As validation data, we used two different data sets: the 69 genomes from Complete Genomics (CG1) and an additional set of 250 samples (CG2) also sequenced by CG. All these samples were sequenced using the Complete Genomics sequencing technology at an average of 80 ×. The CG1 can be found at and the CG2 at On these data sets, we filtered out all variants with a call rate below 66% and ignored them in all posterior validation analysis. In both the data sets, we used called SNPs as validations. We found 15,060,295 and 17,399,956 1000GP SNPs overlapping CG1 and CG2, respectively. In addition, we found 554,886 1000GP indels also in CG2.

In terms of sample overlap with 1000GP, CG1 and CG2 contain 34 and 125 samples, respectively. We used genotypes of these samples to measure discordance with the 1000GP call sets. As CG genotypes were derived from an average coverage of 80 × , we assume that they are accurate and thus can be considered as the truth in the validation process. We define the discordance as being the percentage of these CG genotypes that are miscalled by a software (Beagle, Thunder or SHAPEIT). We measure both the overall (ALL) discordance and the discordance at genotypes with at least one non-reference allele (ALT). In all discordance measures, we systematically exclude all genotypes at SNPs included in the Omni 2.5 M chips.

We also used CG samples that are not in 1000GP nor related with any samples in 1000GP to assess the performance of the various call sets when used as reference panels for imputation. In CG1, we found 20 such samples, and 51 in CG2. To mimic a standard GWAS, we extracted genotypes at subsets of SNPs in both the data sets: for CG1, at all SNPs on chromosome 20 also included in the Illumina 1 M chip for CG1 (set A), and for CG2, at all SNPs on chromosome 10 also included in the Illumina 1 M (set B) and Illumina Omni 2.5 M (set C) chips. We then imputed all remaining CG SNP genotypes available using Impute2 (default parameters) and the various call sets as reference panels. We imputed 315,326 SNPs from set A, 823,570 SNPs and 27,511 indels from set B, and 775,818 SNPs and 27,511 indels from set C. We defined as isolated, an indel with no other indel in the 50 bp flanking regions. We found 23,641 (85.9%) isolated indels and 3,870 (14.1%) non-isolated indels. All these variants were then classified into frequency bins that were derived from the official release of haplotypes on a per continental group basis as defined in Supplementary Table 2. Then, for each continental group and frequency bin separately, we measured the squared Pearson correlation coefficient between the true (CG derived) and the imputed dosages, ranging from 0 in case of completely wrong imputation to 1 in the case of a perfect imputation. Note that a genotype dosage is the expected number of copies of non-reference alleles; being 0, 1 or 2 in the case of a known genotype and ranging from 0 to 2 in the case of an imputed genotype. Indels in the phase 1 1000GP haplotypes were filtered at 1% which explains why there are no results for very low-frequency indels in Fig. 2d.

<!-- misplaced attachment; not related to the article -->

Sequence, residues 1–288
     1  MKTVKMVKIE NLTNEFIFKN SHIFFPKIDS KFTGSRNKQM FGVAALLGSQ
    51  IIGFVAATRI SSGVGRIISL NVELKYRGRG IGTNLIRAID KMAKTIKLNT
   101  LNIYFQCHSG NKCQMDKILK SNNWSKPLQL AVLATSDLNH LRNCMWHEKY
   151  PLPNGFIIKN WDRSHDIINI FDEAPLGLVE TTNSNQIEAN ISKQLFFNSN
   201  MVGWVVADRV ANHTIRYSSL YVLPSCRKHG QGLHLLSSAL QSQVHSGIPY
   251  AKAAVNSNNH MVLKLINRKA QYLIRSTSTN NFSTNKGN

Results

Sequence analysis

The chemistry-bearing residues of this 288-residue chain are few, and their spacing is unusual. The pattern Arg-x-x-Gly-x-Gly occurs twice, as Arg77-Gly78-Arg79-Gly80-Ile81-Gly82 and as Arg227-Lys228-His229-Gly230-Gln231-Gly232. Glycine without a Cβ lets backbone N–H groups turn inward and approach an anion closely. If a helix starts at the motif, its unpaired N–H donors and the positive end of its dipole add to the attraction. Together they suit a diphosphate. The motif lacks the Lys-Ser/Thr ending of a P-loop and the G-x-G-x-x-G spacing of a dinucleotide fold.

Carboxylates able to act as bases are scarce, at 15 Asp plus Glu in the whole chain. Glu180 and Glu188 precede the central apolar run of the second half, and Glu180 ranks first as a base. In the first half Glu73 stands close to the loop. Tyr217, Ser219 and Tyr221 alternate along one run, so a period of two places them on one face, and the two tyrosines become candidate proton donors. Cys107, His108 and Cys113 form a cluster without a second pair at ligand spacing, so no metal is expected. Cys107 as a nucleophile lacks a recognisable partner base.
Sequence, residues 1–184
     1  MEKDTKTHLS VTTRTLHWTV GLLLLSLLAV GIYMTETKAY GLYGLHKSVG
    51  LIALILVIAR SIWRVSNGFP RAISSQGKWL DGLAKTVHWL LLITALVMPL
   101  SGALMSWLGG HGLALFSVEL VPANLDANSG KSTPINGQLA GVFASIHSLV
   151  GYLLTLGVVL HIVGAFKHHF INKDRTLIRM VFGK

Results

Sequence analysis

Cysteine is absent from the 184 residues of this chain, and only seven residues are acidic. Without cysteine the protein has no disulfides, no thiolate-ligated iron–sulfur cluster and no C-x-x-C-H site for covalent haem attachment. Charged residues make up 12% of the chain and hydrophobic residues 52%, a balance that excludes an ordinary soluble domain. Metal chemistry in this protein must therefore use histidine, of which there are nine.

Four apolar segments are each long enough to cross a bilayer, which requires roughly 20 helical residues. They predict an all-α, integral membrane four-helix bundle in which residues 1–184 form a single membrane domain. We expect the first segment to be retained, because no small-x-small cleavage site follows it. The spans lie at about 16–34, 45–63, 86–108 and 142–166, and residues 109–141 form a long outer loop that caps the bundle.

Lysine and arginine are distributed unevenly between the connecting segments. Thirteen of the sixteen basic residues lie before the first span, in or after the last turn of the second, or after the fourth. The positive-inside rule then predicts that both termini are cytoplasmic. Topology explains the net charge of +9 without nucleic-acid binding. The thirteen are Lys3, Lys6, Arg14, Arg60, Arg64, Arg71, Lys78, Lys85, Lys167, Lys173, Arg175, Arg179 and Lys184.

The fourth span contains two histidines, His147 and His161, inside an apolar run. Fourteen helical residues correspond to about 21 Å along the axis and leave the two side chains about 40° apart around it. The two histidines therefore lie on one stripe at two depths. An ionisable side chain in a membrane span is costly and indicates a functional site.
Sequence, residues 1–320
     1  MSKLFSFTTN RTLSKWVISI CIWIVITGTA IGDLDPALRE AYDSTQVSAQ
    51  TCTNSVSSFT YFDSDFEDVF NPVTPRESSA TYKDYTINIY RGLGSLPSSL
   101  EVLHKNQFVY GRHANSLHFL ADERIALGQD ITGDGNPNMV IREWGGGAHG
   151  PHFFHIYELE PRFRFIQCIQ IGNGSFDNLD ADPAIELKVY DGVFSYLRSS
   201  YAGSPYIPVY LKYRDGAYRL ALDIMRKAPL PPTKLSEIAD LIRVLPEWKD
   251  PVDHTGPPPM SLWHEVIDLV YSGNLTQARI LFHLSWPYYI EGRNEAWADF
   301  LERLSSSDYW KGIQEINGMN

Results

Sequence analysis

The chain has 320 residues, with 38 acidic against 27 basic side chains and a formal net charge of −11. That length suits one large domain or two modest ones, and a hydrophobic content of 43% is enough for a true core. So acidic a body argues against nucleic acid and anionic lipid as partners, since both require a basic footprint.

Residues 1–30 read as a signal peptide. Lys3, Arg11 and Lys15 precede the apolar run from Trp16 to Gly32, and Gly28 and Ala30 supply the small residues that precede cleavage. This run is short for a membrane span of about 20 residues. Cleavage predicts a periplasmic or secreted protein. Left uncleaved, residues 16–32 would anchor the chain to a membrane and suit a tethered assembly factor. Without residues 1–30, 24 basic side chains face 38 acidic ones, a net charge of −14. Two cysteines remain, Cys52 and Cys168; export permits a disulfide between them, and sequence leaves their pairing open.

Additional information

How to cite this article: Delaneau, O. et al. Integrating sequence and array data to create an improved 1000 Genomes Project haplotype reference panel. Nat. Commun. 5:3934 doi: 10.1038/ncomms4934 (2014).


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J.M. and O.D. acknowledge support from the Medical Research Council (G0801823). We thank Androniki Menelaou, Bryan Howie and members of the 1000 Genomes analysis group for their comments.

Author information

Author notes

    • Leena Peltonenz



  1. Department of Statistics, University of Oxford, Oxford OX1 3TG, UK

    • Olivier Delaneau
    •  & Jonathan Marchini
  2. Wellcome Trust Centre for Human Genetics, University of Oxford, Oxford OX3 7BN, UK

    • Jonathan Marchini
  3. Wellcome Trust Centre for Human Genetics, Oxford University, Oxford OX3 7BN, UK;

    • Gil A. McVean
    • , Peter Donnelly
    • , Gerton Lunter
    • , Jonathan L. Marchini
    • , Simon Myers
    • , Anjali Gupta-Hinch
    • , Zamin Iqbal
    • , Iain Mathieson
    • , Andy Rimmer
    • , Dionysia K. Xifara
    •  & Angeliki Kerasidou